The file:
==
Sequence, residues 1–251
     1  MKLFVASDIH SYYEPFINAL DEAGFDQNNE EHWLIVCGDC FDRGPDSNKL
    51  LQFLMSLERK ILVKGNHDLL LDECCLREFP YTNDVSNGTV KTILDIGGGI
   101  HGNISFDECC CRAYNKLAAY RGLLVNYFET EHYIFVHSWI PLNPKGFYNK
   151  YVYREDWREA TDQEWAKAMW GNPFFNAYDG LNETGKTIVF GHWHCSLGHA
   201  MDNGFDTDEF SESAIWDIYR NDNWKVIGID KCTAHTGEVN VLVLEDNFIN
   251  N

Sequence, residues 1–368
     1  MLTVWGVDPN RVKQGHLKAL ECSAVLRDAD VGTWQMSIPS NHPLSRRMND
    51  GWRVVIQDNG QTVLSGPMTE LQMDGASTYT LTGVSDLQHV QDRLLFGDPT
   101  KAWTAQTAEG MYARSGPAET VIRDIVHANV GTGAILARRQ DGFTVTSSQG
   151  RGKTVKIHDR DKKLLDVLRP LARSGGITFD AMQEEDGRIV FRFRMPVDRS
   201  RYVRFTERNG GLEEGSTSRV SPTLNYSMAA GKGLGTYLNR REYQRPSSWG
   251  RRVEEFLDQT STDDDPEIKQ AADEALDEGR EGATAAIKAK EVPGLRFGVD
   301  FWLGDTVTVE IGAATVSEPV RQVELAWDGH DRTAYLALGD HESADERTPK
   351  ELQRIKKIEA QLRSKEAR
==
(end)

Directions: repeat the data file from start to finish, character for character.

Sequence, residues 1–251
     1  MKLFVASDIH SYYEPFINAL DEAGFDQNNE EHWLIVCGDC FDRGPDSNKL
    51  LQFLMSLERK ILVKGNHDLL LDECCLREFP YTNDVSNGTV KTILDIGGGI
   101  HGNISFDECC CRAYNKLAAY RGLLVNYFET EHYIFVHSWI PLNPKGFYNK
   151  YVYREDWREA TDQEWAKAMW GNPFFNAYDG LNETGKTIVF GHWHCSLGHA
   201  MDNGFDTDEF SESAIWDIYR NDNWKVIGID KCTAHTGEVN VLVLEDNFIN
   251  N

Sequence, residues 1–368
     1  MLTVWGVDPN RVKQGHLKAL ECSAVLRDAD VGTWQMSIPS NHPLSRRMND
    51  GWRVVIQDNG QTVLSGPMTE LQMDGASTYT LTGVSDLQHV QDRLLFGDPT
   101  KAWTAQTAEG MYARSGPAET VIRDIVHANV GTGAILARRQ DGFTVTSSQG
   151  RGKTVKIHDR DKKLLDVLRP LARSGGITFD AMQEEDGRIV FRFRMPVDRS
   201  RYVRFTERNG GLEEGSTSRV SPTLNYSMAA GKGLGTYLNR REYQRPSSWG
   251  RRVEEFLDQT STDDDPEIKQ AADEALDEGR EGATAAIKAK EVPGLRFGVD
   301  FWLGDTVTVE IGAATVSEPV RQVELAWDGH DRTAYLALGD HESADERTPK
   351  ELQRIKKIEA QLRSKEAR